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Tuesday, 12 June 2012

How to name a child when you're an expat?

My parents named me Olga for several reasons. One of them was the fact that this name is short and easy to pronounce. Maybe they somehow felt that I would go to live abroad. Unfortunately, they didn't predict that we'll end up in the Netherlands where the Dutch  deform this name in the most terrible manner by pronouncing it  „Olcha”. 

But this only shows how difficult it is to name a child. You have to think well whether to name the children after their grandmother, grandfather or maybe after somebody else. On top of that, the name has to sound well, and if it means something, it's even better! The name can't  be too weird, or too popular. So many rules to observe!

And this is only for people who live in their own country. I will take Poland as an example because the names are often very different from the ones that you might know. What about the Polish people who went abroad or have a non-Polish spouse? They have even more dilemmas. For example: should we give our child a Polish or an international name, or maybe a totally foreign one? Polish names are beautiful, but they often have letters and sounds that do not exist in other languages.So, there is also the problem whether you should name our child Małgorzata or Margaret, Katarzyna or Catherine? You get the idea.

What to do in such a case? This depends on the family. Many families look for names that   can be found in Polish as well as in other languages. We wanted names that could be pronounced and spelled the same way in Polish and German, hence our daughters are called Klara and Julia. In German, you can spell Klara with a "C", but this is not possible in Polish (or it would be pronounced Tslara), this is why our daughter is called Klara. "Julia" (pronounced "Yulia") is a similar case. In the same way, my Polish friends named their children „Antoni”, „Antonina”, or „Artur”. There are many other, beautiful Polish names that work internationally: „Natalia”, „Daniel”, „Adam” The choice is big.

Other Polish friends chose another way: they gave their children foreign (non-Polish) names: Jennifer, Ellen, Emma. I love these names, and it doesn't matter that they are not Polish. Actually, I would see this as an opportunity: you can give your child an original name without having to explain this to your family!

There are many methods and many ways to find a beautiful name for your child. One thing is clear, though: naming a child is never easy, and if you live abroad, there might be other issues as well.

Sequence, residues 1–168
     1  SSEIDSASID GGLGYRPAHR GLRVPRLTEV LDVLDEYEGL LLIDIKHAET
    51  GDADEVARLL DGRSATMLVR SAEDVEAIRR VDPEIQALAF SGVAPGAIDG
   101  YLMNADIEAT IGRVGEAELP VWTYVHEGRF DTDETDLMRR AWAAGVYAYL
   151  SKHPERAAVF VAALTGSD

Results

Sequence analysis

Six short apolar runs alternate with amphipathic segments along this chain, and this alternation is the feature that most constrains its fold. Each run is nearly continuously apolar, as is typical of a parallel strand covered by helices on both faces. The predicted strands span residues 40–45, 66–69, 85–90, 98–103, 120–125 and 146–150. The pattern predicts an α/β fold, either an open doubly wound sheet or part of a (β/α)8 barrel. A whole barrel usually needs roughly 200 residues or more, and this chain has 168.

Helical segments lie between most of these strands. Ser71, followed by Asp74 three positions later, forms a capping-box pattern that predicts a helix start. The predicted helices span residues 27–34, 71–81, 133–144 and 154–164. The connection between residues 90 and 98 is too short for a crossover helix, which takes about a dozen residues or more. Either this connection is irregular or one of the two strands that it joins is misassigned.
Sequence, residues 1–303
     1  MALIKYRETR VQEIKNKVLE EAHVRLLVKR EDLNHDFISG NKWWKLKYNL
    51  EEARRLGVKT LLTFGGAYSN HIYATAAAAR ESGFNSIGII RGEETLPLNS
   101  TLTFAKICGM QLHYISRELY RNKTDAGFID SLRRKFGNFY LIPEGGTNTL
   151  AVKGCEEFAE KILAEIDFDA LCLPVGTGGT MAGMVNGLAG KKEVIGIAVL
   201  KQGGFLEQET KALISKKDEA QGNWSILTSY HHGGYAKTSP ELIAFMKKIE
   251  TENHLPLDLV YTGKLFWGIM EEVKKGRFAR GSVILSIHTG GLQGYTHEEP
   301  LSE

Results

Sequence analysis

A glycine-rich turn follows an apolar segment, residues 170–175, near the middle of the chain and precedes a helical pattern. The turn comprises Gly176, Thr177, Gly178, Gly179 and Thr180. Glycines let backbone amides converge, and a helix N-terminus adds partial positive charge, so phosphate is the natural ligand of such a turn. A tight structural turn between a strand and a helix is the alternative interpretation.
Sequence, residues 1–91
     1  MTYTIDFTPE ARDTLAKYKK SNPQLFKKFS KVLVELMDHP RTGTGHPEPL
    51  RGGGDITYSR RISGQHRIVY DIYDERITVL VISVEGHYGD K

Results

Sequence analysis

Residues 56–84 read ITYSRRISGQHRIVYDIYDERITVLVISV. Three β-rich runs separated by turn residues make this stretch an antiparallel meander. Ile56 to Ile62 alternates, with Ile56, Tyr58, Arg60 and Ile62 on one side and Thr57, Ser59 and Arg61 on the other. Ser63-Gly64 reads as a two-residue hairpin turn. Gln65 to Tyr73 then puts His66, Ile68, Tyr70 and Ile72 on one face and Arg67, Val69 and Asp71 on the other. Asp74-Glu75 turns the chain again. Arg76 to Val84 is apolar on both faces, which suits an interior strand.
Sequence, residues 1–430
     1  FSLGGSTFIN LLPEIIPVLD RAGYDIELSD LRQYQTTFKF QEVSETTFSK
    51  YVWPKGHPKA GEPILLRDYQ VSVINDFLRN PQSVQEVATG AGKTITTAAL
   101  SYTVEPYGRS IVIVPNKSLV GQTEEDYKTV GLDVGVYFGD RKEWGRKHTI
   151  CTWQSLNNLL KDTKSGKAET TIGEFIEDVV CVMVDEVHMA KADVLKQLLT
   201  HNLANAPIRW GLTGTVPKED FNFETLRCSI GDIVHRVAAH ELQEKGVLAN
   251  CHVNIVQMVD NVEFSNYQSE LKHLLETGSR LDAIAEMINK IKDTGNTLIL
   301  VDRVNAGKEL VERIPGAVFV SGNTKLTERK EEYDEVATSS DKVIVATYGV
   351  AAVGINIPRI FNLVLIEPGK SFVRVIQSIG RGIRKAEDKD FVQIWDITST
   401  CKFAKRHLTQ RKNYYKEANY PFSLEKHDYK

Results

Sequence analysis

How did you name your child? What were the reasons behind your decision?



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4 comments:

  1. I so know this dilemma as we had to find a name that is more or less pronounced the same in Dutch and Finnish and preferably also not a very strange name internationally. Our girl's name, Viola, came from a movie. When I was pregnant and we knew we were going to get a girl, one evening we watched Shakespeare in love on TV. Gwyneth Palthrow plays a role of Viola De Lesseps in it and I just asked my husband what he thought of the name Viola. It was the first name we really agreed on and it stuck. :) Our son's name, Felix, we already had picked for Viola if she were a boy. Even though F and X are uncommon letters in the Finnish language, this is still a known name in Finland, although not very popular one. This name I can't remember where it originally came from. It just always was the name of our boy. :)

    P.s. I am so jealous how well Google translate works on Polish. With Finnish it is really not the same. I mostly just get a good laugh if I used the translator on a Finnish page. :D

    ReplyDelete
  2. Hi Tarja,

    thanks for your comment! I think Viola and Felix are beautiful names! Viola sounds musical (violin, etc.), and Felix means "the happy one!". In Poland we would write those names Wiola (although it would usually be a shot version of Wioletta) and Feliks, but well, those names are still beautiful!
    PS, Yes, I am trying to read your blog sometimes and Google Translate does NOT do a good job with Finnish! I am sorry for that! Maybe you could write more in English?

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  3. The names „Natalia”, „Daniel”, „Adam” may be beautiful but they are not Polish for sure. Neither is "Malgorzata". It is just a Polish version of a Greek name.

    With names being used internationally goes also another problem e.g. different alphabet. We use both Latin and Cyryllic one at home. I tu zaczynaja sie schody...

    Cheers
    Malgorzata (I cannot use Polish version of Latin alphabet here somehow)

    ReplyDelete
  4. Małgorzata, thank you for your comment. Yes, I agree. These are not specifically Polish names- in a sense that they are of Latin, Greek etc origin. I read that even Olga is not Slavic. However, they are mostly used in Poland- the country I took as an example. And you are right, with all the different alphabets it's even more difficult.

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